I got a notice for another new travel Website seeking submissions. The guidelines page made no mention of payment – which means there isn’t any.

I take issue with that.

Starting out, you need writing samples and exposure. I get it. It’s competitive out there, and paying gigs can be hard to come by – impossible without something concrete to show editors. And yet, someone out there is profiting in some way by the writer’s largess. Writing is time consuming, and can be mentally draining. It is work, and work should be paid. Roofers don’t offer free flashing for the sake of earning a few new customers – why should writers be expected to do the same?

I won’t mention the new Website I saw, because it does seem interesting, I support their mission and I don’t want to seem like I’m unfairly singling them out.

But I do think that writers are clearly being taken advantage of, especially with travel-oriented online publications. I saw one Web site run by a hugely successful author with a couple of best-selling travel titles, several television appearances, and a really glossy Web site with plenty of advertising – and some pretty great writing. But the latter, reading their guidelines, was clearly submitted by folks who did so merely for the chance to maybe score some free stuff or press passes, if they were lucky.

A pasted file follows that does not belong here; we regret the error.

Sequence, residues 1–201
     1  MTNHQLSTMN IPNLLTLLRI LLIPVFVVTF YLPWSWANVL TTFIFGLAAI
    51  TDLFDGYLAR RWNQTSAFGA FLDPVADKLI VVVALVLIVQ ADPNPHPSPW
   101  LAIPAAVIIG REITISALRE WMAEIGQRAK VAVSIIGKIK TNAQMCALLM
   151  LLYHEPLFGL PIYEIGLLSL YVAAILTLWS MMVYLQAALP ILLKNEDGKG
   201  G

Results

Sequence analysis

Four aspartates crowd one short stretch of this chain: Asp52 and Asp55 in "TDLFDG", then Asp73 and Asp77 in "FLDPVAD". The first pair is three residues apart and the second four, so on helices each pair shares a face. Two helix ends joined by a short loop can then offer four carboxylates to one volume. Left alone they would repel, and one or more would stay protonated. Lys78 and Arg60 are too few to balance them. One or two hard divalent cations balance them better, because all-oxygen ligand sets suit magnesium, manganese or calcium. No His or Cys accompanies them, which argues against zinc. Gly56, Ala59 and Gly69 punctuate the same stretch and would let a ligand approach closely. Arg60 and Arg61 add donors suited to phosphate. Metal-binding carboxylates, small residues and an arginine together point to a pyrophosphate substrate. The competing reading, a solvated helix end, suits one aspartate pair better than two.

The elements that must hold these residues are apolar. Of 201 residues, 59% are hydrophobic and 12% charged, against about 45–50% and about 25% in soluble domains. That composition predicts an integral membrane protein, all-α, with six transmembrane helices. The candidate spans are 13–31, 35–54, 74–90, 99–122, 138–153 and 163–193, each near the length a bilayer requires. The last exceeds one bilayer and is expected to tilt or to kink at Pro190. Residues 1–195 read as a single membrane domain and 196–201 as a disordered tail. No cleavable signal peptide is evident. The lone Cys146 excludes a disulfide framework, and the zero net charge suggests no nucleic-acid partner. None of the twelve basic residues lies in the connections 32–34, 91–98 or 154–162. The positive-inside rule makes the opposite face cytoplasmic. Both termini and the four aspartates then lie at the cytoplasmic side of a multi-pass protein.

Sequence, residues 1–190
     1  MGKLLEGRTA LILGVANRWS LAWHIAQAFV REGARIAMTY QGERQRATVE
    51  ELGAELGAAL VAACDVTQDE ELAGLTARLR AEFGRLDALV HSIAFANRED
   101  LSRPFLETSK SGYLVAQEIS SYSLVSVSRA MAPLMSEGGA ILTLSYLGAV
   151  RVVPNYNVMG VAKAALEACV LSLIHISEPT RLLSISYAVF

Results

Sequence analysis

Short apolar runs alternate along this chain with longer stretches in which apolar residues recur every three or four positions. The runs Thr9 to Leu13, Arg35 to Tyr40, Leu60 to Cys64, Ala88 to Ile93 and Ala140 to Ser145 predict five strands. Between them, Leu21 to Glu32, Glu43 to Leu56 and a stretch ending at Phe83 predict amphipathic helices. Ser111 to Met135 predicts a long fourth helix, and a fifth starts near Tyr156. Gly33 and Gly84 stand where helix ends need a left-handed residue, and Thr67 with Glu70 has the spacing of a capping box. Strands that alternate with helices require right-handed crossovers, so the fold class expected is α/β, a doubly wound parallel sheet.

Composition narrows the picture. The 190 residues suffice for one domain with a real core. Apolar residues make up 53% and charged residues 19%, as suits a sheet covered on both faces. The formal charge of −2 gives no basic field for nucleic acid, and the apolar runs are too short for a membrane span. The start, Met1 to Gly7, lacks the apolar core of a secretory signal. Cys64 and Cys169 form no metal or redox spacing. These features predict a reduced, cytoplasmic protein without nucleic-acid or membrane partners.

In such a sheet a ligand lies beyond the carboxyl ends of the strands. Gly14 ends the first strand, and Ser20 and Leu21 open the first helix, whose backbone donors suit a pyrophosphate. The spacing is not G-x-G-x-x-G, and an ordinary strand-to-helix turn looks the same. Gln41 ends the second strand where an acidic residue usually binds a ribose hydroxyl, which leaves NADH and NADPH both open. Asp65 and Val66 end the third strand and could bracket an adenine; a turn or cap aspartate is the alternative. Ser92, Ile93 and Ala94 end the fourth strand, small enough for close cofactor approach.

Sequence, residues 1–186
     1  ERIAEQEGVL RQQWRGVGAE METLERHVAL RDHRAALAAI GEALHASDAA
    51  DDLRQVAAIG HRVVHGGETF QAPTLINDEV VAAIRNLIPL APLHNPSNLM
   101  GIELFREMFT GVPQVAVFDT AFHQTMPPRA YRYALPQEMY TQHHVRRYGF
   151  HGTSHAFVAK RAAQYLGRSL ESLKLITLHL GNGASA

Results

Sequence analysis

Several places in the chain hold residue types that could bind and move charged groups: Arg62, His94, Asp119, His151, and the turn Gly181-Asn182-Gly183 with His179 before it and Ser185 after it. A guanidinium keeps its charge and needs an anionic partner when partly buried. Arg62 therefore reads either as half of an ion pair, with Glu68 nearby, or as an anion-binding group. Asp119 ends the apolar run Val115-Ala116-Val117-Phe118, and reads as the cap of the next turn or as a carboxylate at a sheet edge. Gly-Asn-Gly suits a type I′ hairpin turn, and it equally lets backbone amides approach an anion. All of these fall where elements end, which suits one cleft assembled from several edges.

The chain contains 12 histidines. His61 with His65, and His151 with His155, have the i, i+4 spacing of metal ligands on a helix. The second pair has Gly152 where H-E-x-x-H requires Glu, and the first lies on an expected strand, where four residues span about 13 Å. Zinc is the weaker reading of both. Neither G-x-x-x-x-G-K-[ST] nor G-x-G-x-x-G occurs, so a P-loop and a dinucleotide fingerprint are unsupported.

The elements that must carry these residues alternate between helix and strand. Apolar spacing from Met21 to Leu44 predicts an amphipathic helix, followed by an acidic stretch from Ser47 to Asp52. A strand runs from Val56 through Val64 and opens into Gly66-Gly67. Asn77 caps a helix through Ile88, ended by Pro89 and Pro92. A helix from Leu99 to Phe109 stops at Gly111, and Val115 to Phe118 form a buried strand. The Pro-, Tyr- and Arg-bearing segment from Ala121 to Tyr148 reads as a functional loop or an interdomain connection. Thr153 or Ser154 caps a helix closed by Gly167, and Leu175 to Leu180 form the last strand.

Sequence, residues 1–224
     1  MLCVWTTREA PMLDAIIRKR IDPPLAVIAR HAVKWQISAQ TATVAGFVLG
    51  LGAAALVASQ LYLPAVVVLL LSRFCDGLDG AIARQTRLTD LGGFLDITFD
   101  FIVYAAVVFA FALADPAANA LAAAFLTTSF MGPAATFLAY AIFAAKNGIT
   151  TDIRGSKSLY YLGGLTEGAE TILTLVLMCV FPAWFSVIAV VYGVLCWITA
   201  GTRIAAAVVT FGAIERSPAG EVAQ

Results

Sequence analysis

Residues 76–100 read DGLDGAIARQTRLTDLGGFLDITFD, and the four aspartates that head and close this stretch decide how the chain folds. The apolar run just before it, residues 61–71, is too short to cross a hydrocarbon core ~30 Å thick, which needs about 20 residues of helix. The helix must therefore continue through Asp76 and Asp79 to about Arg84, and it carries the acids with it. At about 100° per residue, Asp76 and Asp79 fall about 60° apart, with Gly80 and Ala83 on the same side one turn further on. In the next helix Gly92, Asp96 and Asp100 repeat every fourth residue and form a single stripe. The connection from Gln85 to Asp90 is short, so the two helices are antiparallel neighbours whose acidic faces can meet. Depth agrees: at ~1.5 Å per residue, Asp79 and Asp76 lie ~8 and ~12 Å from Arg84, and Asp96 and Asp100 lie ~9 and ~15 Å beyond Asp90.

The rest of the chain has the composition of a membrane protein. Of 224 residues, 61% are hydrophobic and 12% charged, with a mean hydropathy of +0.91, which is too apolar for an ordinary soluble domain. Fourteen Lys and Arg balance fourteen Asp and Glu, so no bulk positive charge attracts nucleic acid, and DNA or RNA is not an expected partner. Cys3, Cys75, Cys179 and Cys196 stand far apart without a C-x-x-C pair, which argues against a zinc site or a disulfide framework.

I wish a union of freelancers banded together and forced publications, even small ones, to give some kind of token to writers. It will never happen – to many aspirants will see it as their chance to sneak past the picket lines.

That’s why I salute WorldHum. Not only is the writing fantastic, but they’ve found a way to pay contributors. The checks won’t cover rent, but at least it pays for groceries (according to the guidelines).